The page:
How Much Does A Plumber Cost? [2023 Data]
$180 - $490
$180 - $490
Updated May 31, 2023Reviewed by Jeff Botelho, Licensed Journeyman Plumber.
When you spot water on the floor, a drain just won’t drain, or your water heater quits on you, you’ll need to call a pro. But with so many plumbing issues that might arise, deciphering a plumber’s costs can get complicated. Here, we’ll sift through the problems and prices to help you when talking with your contractor. Although plumbers cost about $45 to $200 per hour, most jobs run an average of $333 total, with some pros charging a flat rate for common problems like clogged drains and water heater replacements. Actual prices can vary depending on the job, timing, and location.
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|Typical Range||$180 - $490|
|Low End - High End||$98 - $925|
Cost data is based on actual project costs as reported by 89,038 HomeAdvisor members.
Not all jobs are created equal, so plumbing costs vary. For multiple reasons, installing a water heater in one location might cost twice as much as in a neighboring state. You might have a more experienced plumber, the cost of doing business could be higher, and permit fees vary from location to location. When examining your plumber's estimate, you’ll want to consider the following cost factors.
Most plumbers charge an average of $70 to $120 per hour before trip fees and materials. Rates can range as high as $200 or as low as $45. The hourly rate covers a plumber’s salary, insurance premiums, union dues, overhead, equipment, vehicle maintenance, and tools. Here are their hourly rates based on experience.
|Plumber’s Level of Expertise||Average Hourly Rate|
|Apprentice||$45 – $90 per hour|
|Journeyperson||$70 – $120 per hour|
|Master||$90 – $200 per hour|
The typical price for an apprentice plumber is between $45 and $90 per hour with an average of $70 per hour. Apprentices work for four to five years under a master plumber before taking the test to become a journeyperson. During this time, they work on a wide variety of projects to gain experience.
The average price for a journeyperson is between $70 and $120 per hour, with an average cost of $90 per hour. Your bill reflects those wages plus overhead, insurance, tools, equipment, vehicle expenses, and advertising.
Expect to pay a master plumber $90 to $200 per hour, with an average cost of $120 per hour. They survey the plumbing work completed by apprentices and journeymen. Some states don't require or endorse certification levels. You can speak with your local construction and planning office for details on the requirements in your state or city.
The more complex the solution, the longer it’ll likely take to diagnose and repair. For example, snaking a drain might only require an hour of work. But installing new plumbing behind drywall requires multiple steps: determining the run, removing drywall, drilling through joists, installing plumbing, and putting it all back together. So, adding complexity adds both time and materials, increasing your overall cost.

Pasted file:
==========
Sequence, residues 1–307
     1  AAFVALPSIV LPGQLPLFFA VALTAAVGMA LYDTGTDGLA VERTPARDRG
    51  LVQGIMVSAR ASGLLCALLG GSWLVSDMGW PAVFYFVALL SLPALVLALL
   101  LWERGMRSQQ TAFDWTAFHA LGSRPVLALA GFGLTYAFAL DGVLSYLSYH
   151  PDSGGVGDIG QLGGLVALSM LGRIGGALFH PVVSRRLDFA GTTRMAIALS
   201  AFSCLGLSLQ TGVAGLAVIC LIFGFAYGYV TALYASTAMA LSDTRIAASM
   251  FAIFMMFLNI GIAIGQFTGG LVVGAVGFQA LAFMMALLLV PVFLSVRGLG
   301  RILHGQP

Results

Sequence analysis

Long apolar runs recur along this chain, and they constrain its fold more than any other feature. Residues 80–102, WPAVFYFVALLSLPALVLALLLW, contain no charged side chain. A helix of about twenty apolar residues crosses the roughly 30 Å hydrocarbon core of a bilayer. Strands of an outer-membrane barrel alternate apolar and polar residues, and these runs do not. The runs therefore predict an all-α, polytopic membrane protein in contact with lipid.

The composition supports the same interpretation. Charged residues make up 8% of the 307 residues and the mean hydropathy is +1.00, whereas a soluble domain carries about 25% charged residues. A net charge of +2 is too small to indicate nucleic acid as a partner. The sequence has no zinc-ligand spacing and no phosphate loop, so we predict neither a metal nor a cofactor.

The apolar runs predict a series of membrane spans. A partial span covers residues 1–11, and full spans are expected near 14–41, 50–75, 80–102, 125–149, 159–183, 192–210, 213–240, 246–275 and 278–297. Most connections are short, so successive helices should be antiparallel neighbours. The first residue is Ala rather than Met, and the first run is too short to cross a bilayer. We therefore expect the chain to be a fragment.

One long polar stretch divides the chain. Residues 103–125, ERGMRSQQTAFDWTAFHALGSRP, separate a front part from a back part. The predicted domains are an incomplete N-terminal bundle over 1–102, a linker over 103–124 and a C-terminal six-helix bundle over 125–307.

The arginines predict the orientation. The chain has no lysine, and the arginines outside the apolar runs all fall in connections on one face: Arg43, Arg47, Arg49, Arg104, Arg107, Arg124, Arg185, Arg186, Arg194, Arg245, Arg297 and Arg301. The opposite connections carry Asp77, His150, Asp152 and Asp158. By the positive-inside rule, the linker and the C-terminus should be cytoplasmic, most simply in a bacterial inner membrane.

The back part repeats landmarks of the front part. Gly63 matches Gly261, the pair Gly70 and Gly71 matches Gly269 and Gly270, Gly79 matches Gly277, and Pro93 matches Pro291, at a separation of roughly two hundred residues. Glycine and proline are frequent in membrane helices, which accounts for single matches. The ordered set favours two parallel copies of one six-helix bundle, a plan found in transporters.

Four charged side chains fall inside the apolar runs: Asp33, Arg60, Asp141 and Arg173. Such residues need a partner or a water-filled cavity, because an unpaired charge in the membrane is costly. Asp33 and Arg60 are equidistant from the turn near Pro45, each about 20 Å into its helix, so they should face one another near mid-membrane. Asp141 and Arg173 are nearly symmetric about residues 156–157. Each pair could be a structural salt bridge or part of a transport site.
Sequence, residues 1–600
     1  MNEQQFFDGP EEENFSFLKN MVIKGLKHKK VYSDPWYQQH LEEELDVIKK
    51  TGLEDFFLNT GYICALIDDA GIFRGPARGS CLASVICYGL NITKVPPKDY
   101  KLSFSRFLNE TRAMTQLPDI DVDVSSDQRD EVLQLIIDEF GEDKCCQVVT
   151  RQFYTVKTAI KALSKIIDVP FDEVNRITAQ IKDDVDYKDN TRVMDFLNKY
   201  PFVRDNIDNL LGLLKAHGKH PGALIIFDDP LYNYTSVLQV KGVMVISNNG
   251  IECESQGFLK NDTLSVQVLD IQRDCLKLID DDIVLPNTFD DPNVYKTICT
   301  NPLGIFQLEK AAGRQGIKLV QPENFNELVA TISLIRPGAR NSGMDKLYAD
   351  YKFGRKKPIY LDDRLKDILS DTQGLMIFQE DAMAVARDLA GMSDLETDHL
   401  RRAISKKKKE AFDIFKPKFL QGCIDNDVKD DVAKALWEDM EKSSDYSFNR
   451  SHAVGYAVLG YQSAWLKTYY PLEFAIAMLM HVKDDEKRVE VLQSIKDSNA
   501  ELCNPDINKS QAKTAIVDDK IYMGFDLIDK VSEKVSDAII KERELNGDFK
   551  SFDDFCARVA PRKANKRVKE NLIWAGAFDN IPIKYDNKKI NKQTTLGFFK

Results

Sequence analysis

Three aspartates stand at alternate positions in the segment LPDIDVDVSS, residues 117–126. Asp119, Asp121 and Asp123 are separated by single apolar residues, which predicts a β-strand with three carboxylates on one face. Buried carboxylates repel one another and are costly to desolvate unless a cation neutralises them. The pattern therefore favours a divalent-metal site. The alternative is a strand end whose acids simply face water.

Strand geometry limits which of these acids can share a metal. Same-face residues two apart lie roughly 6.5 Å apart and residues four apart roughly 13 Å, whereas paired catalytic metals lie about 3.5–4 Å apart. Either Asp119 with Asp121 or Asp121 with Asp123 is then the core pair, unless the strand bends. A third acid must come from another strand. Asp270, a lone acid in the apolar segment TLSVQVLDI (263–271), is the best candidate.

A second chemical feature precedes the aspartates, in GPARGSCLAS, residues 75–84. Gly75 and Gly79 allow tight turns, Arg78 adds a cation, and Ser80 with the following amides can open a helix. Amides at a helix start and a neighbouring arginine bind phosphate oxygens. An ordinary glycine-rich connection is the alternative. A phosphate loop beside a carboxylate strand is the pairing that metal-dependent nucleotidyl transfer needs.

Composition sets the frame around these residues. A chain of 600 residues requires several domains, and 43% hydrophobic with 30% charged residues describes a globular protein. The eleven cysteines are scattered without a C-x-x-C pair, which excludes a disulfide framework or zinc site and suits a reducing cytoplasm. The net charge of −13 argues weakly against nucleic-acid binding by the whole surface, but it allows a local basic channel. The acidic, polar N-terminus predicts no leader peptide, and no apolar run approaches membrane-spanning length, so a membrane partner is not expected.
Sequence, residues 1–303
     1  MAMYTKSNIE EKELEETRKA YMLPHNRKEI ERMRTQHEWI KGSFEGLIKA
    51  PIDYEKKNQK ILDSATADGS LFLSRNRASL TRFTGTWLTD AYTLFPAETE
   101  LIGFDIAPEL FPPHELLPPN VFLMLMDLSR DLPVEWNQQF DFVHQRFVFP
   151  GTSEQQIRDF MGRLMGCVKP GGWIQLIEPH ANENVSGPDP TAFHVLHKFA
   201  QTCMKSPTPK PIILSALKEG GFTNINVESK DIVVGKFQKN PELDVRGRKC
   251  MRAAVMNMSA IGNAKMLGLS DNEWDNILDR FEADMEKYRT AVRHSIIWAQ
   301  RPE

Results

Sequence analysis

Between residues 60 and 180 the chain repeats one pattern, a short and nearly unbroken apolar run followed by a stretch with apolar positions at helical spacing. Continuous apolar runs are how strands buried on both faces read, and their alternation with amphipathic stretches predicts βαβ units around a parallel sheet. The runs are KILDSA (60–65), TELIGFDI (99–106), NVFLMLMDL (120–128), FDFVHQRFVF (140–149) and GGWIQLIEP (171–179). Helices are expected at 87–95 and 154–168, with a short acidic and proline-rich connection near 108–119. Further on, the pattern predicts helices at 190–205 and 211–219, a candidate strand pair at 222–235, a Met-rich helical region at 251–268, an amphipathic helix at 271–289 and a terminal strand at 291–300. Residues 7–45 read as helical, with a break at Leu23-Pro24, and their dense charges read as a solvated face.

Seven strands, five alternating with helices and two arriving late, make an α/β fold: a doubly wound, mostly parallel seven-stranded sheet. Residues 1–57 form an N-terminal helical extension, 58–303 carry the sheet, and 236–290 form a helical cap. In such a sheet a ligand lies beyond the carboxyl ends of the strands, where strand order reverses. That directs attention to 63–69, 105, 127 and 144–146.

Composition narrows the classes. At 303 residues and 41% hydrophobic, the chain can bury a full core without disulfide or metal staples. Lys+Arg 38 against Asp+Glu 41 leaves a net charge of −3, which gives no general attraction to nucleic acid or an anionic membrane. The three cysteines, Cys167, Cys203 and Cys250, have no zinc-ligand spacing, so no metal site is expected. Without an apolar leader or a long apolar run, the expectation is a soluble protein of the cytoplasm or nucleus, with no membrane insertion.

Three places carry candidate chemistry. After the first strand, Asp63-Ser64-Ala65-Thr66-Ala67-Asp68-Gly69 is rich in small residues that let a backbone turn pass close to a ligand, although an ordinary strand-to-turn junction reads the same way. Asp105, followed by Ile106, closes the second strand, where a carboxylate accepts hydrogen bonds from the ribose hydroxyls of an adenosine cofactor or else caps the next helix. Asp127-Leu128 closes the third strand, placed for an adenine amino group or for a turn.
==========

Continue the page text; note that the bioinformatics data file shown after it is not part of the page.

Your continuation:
Some repairs are routine and frequent, such as clogged drains and installing a water heater, while burst pipes are often weather dependent and happen more rarely. Routine repairs often come with flat rates. Expect to pay on the low end, or $150 to $350, for something routine like a clogged drain. A burst pipe can run you up to $2,000 if you need extensive work done, not including the cleanup.
Materials make a difference in plumbing only if you need them. Using the clogged drain example, you likely won’t have any material costs associated with the fix. But if you need new pipes installed, you’ll have to choose what they’re made from, like PEX or copper, and that choice affects your bill. Discuss your options with your plumber. They’ll know which materials work best in your area and can give you estimates for each type.
Labor costs for most plumbing jobs run $90 per hour for each plumber working on the job. For many jobs, you’ll have a journeyperson and an apprentice working together; their combined hourly rate is higher, but they’ll get the job done quicker.
Location plays a part in two ways: cost of living and travel time.
Cost of living: The higher the cost of living in your area, the more you can expect to pay for services. That’s usually because more overhead is associated with running a service business in your location.
Travel time: If you live within a certain distance from your plumber, you likely won’t pay a travel fee. But with the cost of transportation rising, you can expect your pro to tack on a travel fee for each mile outside their home radius. That fee helps cover the time it takes to get to you and the fuel costs associated with the distance.